Growing up in Hong Kong, I watched my older cousins decorating and partying with friends at Christmas, and I couldn't wait to be old enough to join the fun.
But I did not pay attention to the true meaning of Christmas until December 1988 when two friends invited me to their church. At that time, even after achieving my American Dream, I often felt lonely and asked myself, "Is this what life is all about?"
Years later, living and working in the Silicon Valley, I learned that ...
"For unto us a Child is born, Unto us a Son is given; ... And His name will be called Wonderful, Counselor, Mighty God, Everlasting Father, Prince of Peace" (Isaiah 9:6).
I hope this feature article Life Goes Better With Friends and my real life story What A Friend We Have In Jesus will help you find the true meaning of Christmas and reassurance of your real belonging.
Everyone knows that friends make life better, but there is a growing body of evidence that shows people who have good friendships and strong social circles live longer—as well as happier—lives.
In study after study, researchers have found that those who have friends are less likely to become disabled and, if they do suffer a period of disability, more likely to recover. Further, people with fewer friendships are more likely to have a heart attack and to die as a result, while people with more social contacts are less likely to suffer cognitive decline.
The message from all this research: If friends are gifts we give ourselves, it's good to be generous.
Why are friends so good for us?
Health-wise, friends encourage us to do what's good for us: eat better, drink less, exercise and seek medical care when we need it; friends listen to us when we need to let off steam and cheer us up when we're down. We stress less when we have friends who support us and help us along the way.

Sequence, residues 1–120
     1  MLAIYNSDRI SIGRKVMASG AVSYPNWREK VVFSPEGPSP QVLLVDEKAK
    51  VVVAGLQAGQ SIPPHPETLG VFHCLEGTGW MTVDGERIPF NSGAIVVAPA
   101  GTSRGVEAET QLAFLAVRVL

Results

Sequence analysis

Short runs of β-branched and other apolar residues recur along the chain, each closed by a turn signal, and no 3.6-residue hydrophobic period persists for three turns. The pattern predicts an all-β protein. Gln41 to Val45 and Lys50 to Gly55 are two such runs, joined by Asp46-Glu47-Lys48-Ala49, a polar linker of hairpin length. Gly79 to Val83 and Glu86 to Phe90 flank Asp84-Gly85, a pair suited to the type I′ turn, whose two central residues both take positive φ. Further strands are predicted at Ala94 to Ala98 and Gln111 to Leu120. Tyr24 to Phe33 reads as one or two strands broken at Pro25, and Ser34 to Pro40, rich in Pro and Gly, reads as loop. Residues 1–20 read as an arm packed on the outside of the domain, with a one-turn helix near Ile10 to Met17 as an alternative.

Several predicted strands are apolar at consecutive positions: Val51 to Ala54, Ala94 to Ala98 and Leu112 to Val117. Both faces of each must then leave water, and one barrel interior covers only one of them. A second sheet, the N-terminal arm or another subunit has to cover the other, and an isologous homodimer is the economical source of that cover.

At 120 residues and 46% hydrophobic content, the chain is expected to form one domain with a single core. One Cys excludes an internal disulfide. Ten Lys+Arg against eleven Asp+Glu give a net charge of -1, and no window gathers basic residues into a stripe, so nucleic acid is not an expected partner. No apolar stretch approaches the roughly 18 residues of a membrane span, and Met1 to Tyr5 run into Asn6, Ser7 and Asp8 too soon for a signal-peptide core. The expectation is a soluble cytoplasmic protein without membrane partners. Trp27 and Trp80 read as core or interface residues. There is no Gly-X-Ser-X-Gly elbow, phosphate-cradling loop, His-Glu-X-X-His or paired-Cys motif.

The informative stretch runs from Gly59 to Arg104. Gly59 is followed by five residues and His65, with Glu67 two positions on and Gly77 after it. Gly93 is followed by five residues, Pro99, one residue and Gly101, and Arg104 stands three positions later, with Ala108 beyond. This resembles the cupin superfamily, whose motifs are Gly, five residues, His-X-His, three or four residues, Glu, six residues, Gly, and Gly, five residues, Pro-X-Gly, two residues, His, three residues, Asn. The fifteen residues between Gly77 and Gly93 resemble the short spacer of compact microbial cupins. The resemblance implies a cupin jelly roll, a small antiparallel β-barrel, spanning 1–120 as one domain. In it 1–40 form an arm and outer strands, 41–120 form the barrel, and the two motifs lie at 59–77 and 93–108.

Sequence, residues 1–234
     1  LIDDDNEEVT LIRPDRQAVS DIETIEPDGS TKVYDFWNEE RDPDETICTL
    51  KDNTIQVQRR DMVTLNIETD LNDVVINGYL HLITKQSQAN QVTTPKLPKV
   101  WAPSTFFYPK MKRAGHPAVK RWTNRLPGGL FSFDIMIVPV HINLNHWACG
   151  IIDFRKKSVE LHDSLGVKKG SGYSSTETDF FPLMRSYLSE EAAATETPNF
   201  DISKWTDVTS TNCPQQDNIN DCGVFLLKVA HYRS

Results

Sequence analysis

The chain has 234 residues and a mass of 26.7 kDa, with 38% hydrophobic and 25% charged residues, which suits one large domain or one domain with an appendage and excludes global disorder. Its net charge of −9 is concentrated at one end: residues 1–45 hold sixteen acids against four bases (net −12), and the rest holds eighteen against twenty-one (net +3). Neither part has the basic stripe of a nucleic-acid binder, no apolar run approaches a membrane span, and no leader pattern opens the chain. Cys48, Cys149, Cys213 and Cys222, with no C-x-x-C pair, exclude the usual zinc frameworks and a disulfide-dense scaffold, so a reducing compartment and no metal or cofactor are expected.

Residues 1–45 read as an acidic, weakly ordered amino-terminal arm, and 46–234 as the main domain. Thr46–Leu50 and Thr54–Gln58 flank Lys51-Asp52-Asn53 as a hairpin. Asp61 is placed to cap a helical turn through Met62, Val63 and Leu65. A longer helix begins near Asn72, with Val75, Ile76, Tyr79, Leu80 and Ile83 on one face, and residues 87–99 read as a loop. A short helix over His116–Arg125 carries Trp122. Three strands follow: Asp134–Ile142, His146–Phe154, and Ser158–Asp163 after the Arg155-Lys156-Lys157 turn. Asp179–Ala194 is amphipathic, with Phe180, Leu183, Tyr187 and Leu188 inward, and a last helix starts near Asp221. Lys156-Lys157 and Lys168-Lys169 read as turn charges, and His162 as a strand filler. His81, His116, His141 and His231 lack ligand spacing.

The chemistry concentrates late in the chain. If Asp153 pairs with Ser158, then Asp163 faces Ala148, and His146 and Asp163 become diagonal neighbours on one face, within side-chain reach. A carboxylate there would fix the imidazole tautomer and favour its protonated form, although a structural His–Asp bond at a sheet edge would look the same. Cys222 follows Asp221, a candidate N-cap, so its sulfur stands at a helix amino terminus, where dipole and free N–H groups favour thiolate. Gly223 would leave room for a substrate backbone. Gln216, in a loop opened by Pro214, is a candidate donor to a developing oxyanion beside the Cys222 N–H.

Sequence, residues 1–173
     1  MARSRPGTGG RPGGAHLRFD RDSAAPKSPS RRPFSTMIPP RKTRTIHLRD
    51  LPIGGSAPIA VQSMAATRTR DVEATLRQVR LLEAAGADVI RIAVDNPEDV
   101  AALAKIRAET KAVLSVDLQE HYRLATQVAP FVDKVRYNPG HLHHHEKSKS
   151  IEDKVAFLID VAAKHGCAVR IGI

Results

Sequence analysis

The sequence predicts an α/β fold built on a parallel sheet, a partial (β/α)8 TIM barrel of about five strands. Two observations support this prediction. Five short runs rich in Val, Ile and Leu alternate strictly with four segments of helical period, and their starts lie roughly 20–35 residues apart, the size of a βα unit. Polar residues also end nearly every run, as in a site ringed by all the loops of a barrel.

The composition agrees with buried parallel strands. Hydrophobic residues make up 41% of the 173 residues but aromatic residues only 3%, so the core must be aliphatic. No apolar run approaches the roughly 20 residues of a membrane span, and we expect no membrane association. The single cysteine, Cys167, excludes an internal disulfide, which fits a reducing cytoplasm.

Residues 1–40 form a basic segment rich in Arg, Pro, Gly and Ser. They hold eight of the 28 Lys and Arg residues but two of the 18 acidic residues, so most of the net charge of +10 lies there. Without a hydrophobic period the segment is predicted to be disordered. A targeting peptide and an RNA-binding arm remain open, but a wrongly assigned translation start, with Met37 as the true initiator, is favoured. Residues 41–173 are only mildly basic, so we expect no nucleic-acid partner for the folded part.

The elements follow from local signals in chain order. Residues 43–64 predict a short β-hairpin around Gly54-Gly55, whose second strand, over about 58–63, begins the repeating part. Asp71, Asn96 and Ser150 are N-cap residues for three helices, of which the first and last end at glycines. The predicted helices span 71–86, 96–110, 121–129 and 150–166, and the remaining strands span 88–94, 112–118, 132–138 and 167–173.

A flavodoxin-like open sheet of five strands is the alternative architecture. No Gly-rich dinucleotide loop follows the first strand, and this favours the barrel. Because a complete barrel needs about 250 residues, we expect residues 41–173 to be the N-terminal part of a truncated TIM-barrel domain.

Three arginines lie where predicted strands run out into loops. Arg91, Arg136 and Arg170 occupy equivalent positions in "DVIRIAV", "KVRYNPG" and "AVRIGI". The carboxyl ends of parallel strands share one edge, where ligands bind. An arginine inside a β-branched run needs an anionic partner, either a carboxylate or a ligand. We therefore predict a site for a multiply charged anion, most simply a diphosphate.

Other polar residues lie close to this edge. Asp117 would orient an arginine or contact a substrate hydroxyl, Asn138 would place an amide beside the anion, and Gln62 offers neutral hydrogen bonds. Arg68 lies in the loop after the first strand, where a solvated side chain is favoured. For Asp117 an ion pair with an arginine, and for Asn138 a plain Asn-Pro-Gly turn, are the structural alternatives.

Frequently, family and friends are lumped together when people talk about support. However, friends don't usually make the same demands that family members sometimes do. The old saying goes, "We choose our friends, but we're stuck with our family." Granted, we may have a supportive family that we're very happy to be "stuck" with, but friendships allow us to experience ourselves in a new way and grow beyond the patterns and expectations of our family.
While friendships can be passing, we generally hang on to the ones that are meaningful. As we grow older, we may have fewer friends, but our pleasure in them grows. The reason: "People become more selective and get better at knowing the kind of people they like and don't like," says Stanford psychology professor Laura Carstensen. "And they steer away from those they don't care for."
These days, in our mobile, fast-paced culture, it's more difficult to make and maintain social relationships than when folks stayed in one place and had more leisure time. People move across town or across country and jam-pack their lives with schedules that leave no time for finding and nurturing friendships. Consequently, at the end of a too-full day or when a free weekend finally arrives, we may discover ourselves longing for the kind of easy pleasure friendship offers. Without friends, life can get lonely.
If you've moved to a new location, or your friends have drifted away and you need to restock the reservoir, reach out through joining groups and pursuing hobbies and interests where you're likely to find kindred spirits. Extend a hand and an invitation.
Like any other living thing, friendship requires care and feeding:
• Give your friendships priority, not just when you're lonely.
• A weekly date can provide the scaffolding for an enduring emotional relationship.
• When you can't be together physically, keep in touch by phone, email, letters. Send pictures, too.
• Celebrate occasions together. Be there for the big events and the small. Create celebrations of your own.
• Make time for old friends, even if it might be an inconvenience.
There is great wisdom in the simple lines from the childhood song, Make new friends and keep the old. One is silver, the other gold.
Friends can come from anywhere, and definitely can include members of your family and church. May you find deeper meaning of friendship in Christ!
"This is my commandment, that you love one another as I have loved you. Greater love has no one than this, that someone lay down his life for his friends." (John 15:12-13 ESV)
Author's content used with permission, © Claire Communications